Rebecca Earline Garrison Hornby

Center for Cultural Preservation


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00:00:00 - Rebecca Earline Garrison Hornby.

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Partial Transcript: Rebecca introduces herself and gives a little background. She was born in Haywood County at her mother’s grandmother’s. At 3 weeks she was brought to Broad River.

Keywords: Broad River; Haywood County

Subjects: Background

00:00:34 - Where Rebecca was raised.

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Partial Transcript: Rebecca talks about where she was raised. She was raised in the valley on a farm. The river went right down the center. She knew how to do everything there was to do on a farm. They had pigs, chickens, ducks, and turkeys. They lived off what they raised. When she was six she decided she wanted to learn how to milk a cow, her daddy taught her. She was the oldest of eight they all worked together on the farm.

Keywords: big valley; farm; Mountain

Subjects: Farm

00:01:57 - Daily life on the farm.

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Partial Transcript: Rebecca talks about daily life on the farm. The river split the farm. Her grandma lived on the backside and Rebecca and her family lived next to the highway. After they got off the school bus they changed and got their milk buckets, milked the cows, and did all the other chores that needed to be done.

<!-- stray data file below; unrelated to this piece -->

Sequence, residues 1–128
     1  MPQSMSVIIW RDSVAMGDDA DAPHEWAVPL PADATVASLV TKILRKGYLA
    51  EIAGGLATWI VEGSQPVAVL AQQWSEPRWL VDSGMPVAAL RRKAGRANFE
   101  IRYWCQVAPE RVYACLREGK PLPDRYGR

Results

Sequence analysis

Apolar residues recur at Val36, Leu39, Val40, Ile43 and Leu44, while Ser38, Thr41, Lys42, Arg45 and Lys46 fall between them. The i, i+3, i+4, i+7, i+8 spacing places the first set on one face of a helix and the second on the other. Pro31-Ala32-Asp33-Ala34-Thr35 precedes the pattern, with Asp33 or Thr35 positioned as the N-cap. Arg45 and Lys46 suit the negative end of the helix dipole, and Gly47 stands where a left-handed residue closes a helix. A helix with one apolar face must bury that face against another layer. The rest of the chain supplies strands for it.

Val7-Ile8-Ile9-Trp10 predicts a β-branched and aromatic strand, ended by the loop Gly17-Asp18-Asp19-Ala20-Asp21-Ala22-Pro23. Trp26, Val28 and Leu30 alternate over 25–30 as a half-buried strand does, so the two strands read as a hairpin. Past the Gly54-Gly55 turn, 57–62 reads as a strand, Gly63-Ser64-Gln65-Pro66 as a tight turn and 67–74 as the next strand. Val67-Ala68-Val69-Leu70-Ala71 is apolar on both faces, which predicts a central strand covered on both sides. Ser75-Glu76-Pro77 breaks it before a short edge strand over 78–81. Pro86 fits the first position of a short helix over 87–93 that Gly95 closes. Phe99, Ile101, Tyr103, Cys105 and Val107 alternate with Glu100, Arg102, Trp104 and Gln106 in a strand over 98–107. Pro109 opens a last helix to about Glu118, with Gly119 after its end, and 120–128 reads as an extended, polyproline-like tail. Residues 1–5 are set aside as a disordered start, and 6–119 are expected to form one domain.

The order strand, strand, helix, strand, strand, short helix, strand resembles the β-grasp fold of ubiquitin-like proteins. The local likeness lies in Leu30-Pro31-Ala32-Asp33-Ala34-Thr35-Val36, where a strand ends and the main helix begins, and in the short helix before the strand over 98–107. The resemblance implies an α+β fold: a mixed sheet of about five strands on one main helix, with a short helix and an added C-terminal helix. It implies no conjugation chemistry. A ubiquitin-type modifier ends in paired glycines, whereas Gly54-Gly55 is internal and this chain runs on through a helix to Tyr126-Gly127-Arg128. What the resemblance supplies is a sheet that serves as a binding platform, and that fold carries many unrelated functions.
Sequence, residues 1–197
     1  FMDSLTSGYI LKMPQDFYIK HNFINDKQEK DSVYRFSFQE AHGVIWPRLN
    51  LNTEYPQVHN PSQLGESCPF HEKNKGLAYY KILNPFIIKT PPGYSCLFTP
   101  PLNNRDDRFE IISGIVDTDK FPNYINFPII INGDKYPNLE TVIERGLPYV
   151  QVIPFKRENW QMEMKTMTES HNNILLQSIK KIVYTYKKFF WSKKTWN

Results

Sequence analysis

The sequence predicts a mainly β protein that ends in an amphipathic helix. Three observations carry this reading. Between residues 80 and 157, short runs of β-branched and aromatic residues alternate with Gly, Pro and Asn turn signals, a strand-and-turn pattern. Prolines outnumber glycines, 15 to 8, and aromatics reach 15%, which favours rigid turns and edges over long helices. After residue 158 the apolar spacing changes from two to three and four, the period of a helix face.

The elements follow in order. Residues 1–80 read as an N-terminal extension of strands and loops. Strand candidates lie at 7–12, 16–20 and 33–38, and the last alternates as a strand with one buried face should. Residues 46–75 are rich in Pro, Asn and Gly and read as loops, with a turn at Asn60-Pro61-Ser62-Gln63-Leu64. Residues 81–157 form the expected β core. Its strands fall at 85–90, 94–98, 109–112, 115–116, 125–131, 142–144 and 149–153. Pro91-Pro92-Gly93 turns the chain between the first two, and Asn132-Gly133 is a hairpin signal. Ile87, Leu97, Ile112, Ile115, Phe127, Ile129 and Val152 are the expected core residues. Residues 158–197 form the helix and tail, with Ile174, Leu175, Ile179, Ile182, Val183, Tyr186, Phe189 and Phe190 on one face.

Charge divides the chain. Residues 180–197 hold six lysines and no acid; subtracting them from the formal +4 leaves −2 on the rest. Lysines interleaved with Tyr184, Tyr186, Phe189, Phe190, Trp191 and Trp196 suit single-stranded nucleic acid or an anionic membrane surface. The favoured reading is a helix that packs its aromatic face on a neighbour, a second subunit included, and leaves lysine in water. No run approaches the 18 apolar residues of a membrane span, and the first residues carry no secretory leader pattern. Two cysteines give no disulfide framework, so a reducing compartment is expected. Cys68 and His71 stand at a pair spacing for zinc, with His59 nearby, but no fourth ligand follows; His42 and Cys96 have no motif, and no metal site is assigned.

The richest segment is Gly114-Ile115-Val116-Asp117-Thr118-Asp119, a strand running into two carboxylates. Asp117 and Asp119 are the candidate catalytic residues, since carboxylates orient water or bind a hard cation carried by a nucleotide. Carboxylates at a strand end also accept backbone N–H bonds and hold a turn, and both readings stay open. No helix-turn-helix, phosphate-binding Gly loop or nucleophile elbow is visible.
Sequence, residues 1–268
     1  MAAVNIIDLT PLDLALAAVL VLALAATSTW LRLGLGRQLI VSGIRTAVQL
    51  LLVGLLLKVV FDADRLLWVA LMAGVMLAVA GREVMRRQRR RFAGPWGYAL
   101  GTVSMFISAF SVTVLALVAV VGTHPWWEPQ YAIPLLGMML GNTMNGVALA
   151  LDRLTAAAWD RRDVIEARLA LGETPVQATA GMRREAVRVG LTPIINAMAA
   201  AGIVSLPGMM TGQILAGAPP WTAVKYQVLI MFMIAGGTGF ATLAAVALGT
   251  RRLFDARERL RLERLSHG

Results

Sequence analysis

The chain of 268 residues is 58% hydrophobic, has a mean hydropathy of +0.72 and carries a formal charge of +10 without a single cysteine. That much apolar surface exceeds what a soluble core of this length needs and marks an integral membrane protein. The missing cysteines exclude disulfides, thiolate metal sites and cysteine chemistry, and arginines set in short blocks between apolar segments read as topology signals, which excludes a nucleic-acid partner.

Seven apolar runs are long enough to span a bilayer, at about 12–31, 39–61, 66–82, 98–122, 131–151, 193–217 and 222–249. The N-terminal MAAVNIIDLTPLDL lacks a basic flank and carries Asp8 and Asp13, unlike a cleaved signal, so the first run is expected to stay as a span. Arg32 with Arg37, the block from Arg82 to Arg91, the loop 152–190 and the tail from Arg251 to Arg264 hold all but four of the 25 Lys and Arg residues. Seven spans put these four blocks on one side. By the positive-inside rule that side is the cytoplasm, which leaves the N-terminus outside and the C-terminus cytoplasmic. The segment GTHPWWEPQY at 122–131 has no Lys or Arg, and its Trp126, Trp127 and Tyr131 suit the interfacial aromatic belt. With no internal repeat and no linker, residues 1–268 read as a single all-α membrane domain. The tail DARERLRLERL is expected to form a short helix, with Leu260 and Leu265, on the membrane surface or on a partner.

Keywords: cattle; milk cows; chores

Subjects: Chores

00:03:01 - Spending time with her grandmother.

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Partial Transcript: Rebecca talks about spending time with her grandmother. When she was nine she went to stay with her grandmother to help out. Her grandmother had been a teacher so she taught Rebecca how to sew, knit, crochet, and cook. Rebecca shares how she learned to cook and how she would get meals ready. Every morning, about 5:00, she would get up and cross the field to get ready for school

Keywords: cook; crochet; granddaddy; knit; sew; teacher; Grandmother

Subjects: Grandmother and Granddaddy

00:04:15 - Summertime on the farm.

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Partial Transcript: Rebecca talks about summertime on the farm. In the summer they were busy working on the farm hoeing corn. After a full day of hoeing the corn, they would do the rest of the chores that needed to be done. When it was time to mow hay Rebecca told her daddy she wanted to learn how to mow hay. So she did.

Keywords: buttermilk; hoe corn; mow hay; Summertime

Subjects: Summer

00:05:33 - The chore that were done in the fall of the year.

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Partial Transcript: Rebecca describes the chores that were done in the fall of the year. They pulled the fodder off the cow to feed the cattle. The fodder was for the cattle and the corn was put in a crib for the pigs. The corn was shelled to make cornbread too. They raised wheat for all the flour. Her grandpa would cradle the wheat, take it to the barn, and stack it until thrashing. Her grandfather thrashed for everyone. After they finished clearing up the loft they did their daily chores.

Keywords: cornbread; cradle; sled; wheat; Fodder off the corn

Subjects: Fall on the farm

00:06:47 - How they made molasses.